The risk of war with North Korea is small, mostly because war is a very rare event in the international system. Bennett and Stam found that the risk of war in a single directed-dyad year (e.g., U.S.-North Korea in 2013) is 0.000065. Now, this current situation is much more dangerous than your average directed dyad (e.g., U.S.-Uruguay in 1996), but my guess is even if you plugged all the variables into your handy-dandy war predicting machine, you would not get much above a 2 percent risk of war onset. With that said, since the potential costs of a North Korean conflagration likely reach hundreds of thousands of casualties, the expected value of war with the Norks is unpleasantly high (let’s say, 200,000 casualties x .02 = 4,000). By comparison, there is an approximately 100% chance that 30,000 Americans will die in car accidents this year. With all of that said, I fully support anyone that wants to engage in Doomsday Prepping, because it just makes for quality television.
… if your father’s name is Robert Pape.
Friday, February 1, witnessed two notable suicide terrorist attacks in quick succession. Both were bad news for Robert Pape’s theory of suicide terrorism, which argues that suicide terrorism is almost always the result of foreign occupation, whether real or imagined. Pape finds that suicide terrorism is employed by ethno-national or religious groups that perceive themselves as being occupied by an outside group, particularly if other types of violence have failed and if the occupying force is a democratic state (see here, here, and here). This answer fits in nicely—perhaps too nicely—with realist skepticism of George W. Bush’s interventionism. Why shouldn’t you invade places? Reason #207: People will blow themselves up. As Pape and James Feldman argue in a 2008 book, “To stop and reverse the recent explosion of suicide terrorism, it is important to reduce the reliance on foreign occupation as a principal strategy for ensuring national interests.”
But why was Friday bad for this theory? While it is still too early to know why the suicide bomber detonated himself at the U.S. Embassy in Ankara, the Marxist group that claimed responsibility apparently condemned Turkish support of anti-Assad forces in Syria. That sentence reads like a bad geopolitical “Mad Libs,” but it doesn’t sound like Pape’s theory. Also occurring on Friday (and in my opinion, more problematic for Pape) was yet another suicide bombing in Pakistan where Sunni extremists attacked Shi’as. This has happened repeatedly over the last few years, and whatever the poor Shi’a in Pakistan are, they are not foreign occupiers. (The same case could be made for the Barelvis and Sufis who are periodically targeted by members of the more orthodox Deobandi Sunni movement).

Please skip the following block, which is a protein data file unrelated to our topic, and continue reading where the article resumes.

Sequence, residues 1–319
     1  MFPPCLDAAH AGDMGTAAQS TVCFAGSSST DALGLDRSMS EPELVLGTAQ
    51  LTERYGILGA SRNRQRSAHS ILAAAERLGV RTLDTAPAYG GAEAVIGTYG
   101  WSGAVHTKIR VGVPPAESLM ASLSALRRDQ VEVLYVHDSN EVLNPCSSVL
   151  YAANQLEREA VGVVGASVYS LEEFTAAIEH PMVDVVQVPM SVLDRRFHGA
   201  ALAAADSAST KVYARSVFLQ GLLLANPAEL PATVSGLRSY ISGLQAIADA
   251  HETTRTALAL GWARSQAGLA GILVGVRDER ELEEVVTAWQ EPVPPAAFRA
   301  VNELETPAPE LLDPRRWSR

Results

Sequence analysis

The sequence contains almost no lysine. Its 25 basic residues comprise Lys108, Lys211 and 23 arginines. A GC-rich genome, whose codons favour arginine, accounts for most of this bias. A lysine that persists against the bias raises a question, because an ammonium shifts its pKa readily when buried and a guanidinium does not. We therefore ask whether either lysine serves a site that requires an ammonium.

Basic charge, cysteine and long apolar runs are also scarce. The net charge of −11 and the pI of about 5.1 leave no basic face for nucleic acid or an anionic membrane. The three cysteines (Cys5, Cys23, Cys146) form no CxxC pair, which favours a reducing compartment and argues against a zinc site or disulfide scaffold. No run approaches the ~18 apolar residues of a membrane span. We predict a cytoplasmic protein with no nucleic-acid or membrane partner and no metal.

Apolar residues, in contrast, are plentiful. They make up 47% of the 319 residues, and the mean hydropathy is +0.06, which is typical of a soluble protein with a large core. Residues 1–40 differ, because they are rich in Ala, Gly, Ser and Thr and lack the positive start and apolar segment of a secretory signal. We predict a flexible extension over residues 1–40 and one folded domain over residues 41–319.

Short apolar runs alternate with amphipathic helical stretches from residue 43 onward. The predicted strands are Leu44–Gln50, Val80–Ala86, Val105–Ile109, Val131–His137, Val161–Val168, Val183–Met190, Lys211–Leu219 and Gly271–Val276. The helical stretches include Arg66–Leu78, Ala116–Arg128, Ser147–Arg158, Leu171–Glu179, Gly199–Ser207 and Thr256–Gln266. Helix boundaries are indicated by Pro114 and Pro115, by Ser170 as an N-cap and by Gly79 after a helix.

Pakistan was already a problematic case for Pape given its non-occupied nature and its sky-rocketing rate of suicide terrorism from 2001 to 2010. (The chart below is drawn from Pape’s Chicago Project on Suicide Terrorism.) Pape’s counterargument has been that because Pakistanis feel that their government is merely a puppet of the United States, the suicide bombing campaign can be interpreted as one against the “indirect occupation” of the United States. While this line of reasoning may certainly explain attacks against the Pakistani state, police, or military, it cannot explain the soaring anti-Shi’a violence. It is basically impossible to construct a narrative where Sunni extremists perceive themselves as occupied by the Shi’a minority.
I think Pape has made the mistake of treating suicide terrorism as a static phenomenon when, in fact, it is evolving. Suicide terrorism has grown much, much more common over the last twenty years, while the level of foreign occupation has remained fairly constant. While not a perfect indicator, one that I have on hand is the percentage of terrorist groups that engage in suicide attacks over time. I have modified data from Michael Horowitz to construct this suicide terrorist “market share” variable, which is just the number of groups employing suicide tactics divided by the total number of terrorist groups in Horowitz’s data.